does the earths magnetic field vary with altitude? <br />if so.......then is the magnetic flux experienced at higher altitudes less or more than that at sea level?<br />kindly suggest a reason for the same.........
nik_gr8test_rulz<br /><br />Welcome to SDC! <br /><br />Yes, the magnitude and direction of the earth's magnetic field varies with altitude as well as location.<br />In general, the field strength decreases with height. The strength of electric and magnetic fields generally fall off as the square of the increase in distance. <div class="Discussion_UserSignature"> <p> </p><p> </p> </div>
The Wiki article covers all the high points.<br /><br /> Earth's magnetic field <br /><br /> This article contains some really good diagrams & more info not covered by the Wiki article. <div class="Discussion_UserSignature"> <font color="#993300"><span class="body"><font size="2" color="#3366ff"><div align="center">. </div><div align="center">Never roll in the mud with a pig. You'll both get dirty & the pig likes it.</div></font></span></font> </div>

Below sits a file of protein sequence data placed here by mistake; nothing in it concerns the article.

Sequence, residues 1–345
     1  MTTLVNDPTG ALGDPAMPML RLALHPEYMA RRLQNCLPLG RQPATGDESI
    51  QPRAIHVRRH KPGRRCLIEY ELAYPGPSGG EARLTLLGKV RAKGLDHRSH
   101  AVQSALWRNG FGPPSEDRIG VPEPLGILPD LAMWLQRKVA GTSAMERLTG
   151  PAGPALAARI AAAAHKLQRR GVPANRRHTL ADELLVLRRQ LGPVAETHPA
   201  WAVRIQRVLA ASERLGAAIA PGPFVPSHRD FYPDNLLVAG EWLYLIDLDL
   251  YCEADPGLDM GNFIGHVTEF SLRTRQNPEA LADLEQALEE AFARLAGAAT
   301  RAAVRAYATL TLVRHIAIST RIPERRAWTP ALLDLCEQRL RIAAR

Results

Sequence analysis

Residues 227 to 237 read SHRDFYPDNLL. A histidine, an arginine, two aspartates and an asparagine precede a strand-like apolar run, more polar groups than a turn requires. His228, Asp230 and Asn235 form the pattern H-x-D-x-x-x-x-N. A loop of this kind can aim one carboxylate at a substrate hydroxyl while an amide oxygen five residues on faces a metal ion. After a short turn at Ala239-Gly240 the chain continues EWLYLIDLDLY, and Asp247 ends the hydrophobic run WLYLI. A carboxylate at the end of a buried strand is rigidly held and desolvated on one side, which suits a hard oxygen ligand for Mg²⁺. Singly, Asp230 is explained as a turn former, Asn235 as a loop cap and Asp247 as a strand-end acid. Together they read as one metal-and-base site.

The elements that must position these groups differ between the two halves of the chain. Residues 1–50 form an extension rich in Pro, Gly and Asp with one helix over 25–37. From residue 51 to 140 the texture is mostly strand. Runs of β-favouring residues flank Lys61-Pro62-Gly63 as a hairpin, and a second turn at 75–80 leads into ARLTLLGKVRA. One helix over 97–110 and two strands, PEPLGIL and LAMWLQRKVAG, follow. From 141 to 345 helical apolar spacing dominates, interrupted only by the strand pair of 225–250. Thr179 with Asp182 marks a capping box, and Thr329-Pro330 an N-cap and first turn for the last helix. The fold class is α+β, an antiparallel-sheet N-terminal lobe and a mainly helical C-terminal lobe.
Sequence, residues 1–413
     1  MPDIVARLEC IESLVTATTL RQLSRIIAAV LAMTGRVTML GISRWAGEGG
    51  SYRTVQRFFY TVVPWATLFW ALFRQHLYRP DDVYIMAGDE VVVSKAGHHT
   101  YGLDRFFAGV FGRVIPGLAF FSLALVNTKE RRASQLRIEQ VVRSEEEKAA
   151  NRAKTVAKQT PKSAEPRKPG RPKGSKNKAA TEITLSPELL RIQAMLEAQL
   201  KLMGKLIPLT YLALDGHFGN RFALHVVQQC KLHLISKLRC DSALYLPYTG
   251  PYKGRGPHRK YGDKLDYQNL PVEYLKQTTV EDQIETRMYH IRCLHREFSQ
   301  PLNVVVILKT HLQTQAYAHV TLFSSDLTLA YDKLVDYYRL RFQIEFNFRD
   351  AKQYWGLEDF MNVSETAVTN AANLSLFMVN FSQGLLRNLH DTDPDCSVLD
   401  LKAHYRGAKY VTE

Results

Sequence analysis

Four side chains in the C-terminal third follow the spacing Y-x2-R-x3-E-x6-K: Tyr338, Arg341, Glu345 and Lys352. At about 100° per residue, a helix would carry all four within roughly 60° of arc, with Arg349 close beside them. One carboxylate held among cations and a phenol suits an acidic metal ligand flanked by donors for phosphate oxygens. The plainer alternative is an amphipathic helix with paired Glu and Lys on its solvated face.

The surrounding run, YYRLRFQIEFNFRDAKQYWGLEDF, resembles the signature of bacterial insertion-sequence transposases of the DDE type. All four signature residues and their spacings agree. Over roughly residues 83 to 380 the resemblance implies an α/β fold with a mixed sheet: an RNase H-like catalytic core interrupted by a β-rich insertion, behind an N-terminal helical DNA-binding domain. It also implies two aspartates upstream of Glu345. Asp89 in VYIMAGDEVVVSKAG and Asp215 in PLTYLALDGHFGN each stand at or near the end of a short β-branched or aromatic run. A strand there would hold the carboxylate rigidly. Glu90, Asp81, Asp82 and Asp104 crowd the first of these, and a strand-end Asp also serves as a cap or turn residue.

Great references, Boris. Thanks! <div class="Discussion_UserSignature"> <p><font color="#000080"><em><font color="#000000">But the Krell forgot one thing John. Monsters. Monsters from the Id.</font></em> </font></p><p><font color="#000080">I really, really, really, really miss the "first unread post" function</font><font color="#000080"> </font></p> </div>
Since it is thought that the magnetic field is produced mostly 5000 kilometers below the surface, an altitude increase of 50 kilometers (1%) should produce a 10% decrease in magnetic field strength. Occasionally this is the amount we measure, but variations in magnetite just below the surface can produce larger variations, especially within a few meter of the surface. We likely have extensive, but clasified data on magnetic field at various altitudes for missile tracking purposes, even though the magnetic compass is rarely used for navigation now that GPS is available cheap. Before GPS, we had loran and lorac which were also far more accurate than a compass. Neil